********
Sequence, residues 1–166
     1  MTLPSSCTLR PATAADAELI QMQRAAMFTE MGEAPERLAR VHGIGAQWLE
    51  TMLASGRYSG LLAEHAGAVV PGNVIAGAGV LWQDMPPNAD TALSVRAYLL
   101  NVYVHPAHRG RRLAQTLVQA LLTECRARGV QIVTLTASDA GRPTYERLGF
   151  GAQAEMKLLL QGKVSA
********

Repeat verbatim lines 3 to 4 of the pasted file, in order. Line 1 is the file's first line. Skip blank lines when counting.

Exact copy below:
    51  TMLASGRYSG LLAEHAGAVV PGNVIAGAGV LWQDMPPNAD TALSVRAYLL
   101  NVYVHPAHRG RRLAQTLVQA LLTECRARGV QIVTLTASDA GRPTYERLGF